Seasonic II+ clone PSU negative voltages problem.

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Seasonic II+ clone PSU negative voltages problem.

Hi. Yes, this is my first post. I mostly joined because searches for various things I want to know tend to bring me back to here.

I've started a project to bring as many of my old machines back and make them healthy as possible. Oddly, most of my ailing ones are Apple.

I've been trying to tackle the Seasonic PSU that came with a categorically messed up II+ clone I picked up over 20 years ago. Long story short. The Motherboard works again. The keyboard won't work until I remove the chips and give it a new brain. The floppy controller needs a repair, along with one of the floppy drives. Not sure about the rest.

The PSU may have been what wrought the havoc in the first place. I vaguely remember it being super unstable before it died.

 

Skip to present. I've pulled and checked all the caps. Some of the resistors and diodes. Repaired a couple of scratched traces. It works. Or at least the +5 and +12v rails do. It can happily power my dummy load of two WD Caviar drives. The -5 and -12 are sad. -12 is around -4.x volts, and -5 is +2.x volts. My gut is telling me something about a ground reference but apparently I'm not smart enough to understand it.

In the attached photos, there is a solder bridge between one of the power transistor bolts and a track. There was a gouge there. It was the deepest part and there was some minor damage to a nearby track. After asking elsewhere online it was mentioned it could have just been a sloppy factory mod. So I removed the bridge again before testing it. Also I have no idea what the deal is with the resistor on the underside of the board.

I flipped the PCB side and aligned the top and bottom photos as best as I could for position and perspective.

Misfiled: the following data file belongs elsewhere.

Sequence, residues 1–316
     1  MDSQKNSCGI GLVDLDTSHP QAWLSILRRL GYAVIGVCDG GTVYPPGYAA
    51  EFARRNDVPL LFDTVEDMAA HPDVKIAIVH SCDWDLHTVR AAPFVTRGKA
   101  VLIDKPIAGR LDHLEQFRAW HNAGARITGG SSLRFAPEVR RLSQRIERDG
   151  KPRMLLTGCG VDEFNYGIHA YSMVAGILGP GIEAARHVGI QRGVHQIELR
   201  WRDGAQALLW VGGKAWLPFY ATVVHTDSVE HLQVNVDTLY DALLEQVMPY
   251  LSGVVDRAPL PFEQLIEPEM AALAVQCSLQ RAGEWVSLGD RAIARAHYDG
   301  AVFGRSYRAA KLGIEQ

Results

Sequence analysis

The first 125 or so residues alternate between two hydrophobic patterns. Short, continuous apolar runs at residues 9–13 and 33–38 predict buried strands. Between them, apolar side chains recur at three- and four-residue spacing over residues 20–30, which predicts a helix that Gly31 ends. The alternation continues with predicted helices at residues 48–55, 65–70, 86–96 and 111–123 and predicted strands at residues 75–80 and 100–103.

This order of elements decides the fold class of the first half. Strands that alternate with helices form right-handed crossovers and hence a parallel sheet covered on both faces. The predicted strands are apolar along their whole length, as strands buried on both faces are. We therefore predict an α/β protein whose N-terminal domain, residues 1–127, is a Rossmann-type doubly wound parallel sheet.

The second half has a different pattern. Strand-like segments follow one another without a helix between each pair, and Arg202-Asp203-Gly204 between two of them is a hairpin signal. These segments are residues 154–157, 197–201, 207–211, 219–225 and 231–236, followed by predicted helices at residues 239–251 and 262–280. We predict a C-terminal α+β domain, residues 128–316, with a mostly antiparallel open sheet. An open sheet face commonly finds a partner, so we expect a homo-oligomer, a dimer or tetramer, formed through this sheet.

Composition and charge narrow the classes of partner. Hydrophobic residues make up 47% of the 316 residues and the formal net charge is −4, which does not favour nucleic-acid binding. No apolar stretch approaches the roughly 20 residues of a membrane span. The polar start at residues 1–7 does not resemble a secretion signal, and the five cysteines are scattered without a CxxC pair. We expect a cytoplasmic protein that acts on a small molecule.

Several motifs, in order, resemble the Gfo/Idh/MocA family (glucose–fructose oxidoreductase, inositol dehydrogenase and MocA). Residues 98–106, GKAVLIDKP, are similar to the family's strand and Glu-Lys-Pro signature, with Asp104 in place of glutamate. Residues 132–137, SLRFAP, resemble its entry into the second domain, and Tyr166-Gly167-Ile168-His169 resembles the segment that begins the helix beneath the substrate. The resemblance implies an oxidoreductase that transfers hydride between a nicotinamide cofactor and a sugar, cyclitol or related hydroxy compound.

Please, ask away if more info is needed. There's really no reason for me to use this PSU instead of replacing it with an ATX beyond me wanting to. Same as the rest of the clone really. I just want it to work again.

 

edit: I have absolutely no idea what I'm doing with the photos. Sorry!

 

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Peasy

This is a single-layer circuit board (the copper traces are all a single layer of wiring) and tracing out the schematic is quite easy. You should try it for yourself. Just remember the cardinal rules for schematics:  power on top, ground on the bottom, input on the left and output on the right. Paper and pencil is all you need to do this.

Some notes: the two bolts in the middle are connected together through the TO-3 transistor's case. The beige 6-pin chip is an optoisolator—an electrically separate LED and photodiode in the same case. It provides feedback from the regulated rail (+5V ?) on the secondary side, back to the primary side chopper transistor. The green and black wires wound on a ferrite doughnut are a common-mode choke: a radio-frequency interference (RFI) suppression filter that cleans up the mains (120-240VAC) power before it is used. The three 3-pin chips with heat sinks are linear regulators, each with reverse protection diodes attached.

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robespierre wrote:This is a
robespierre wrote: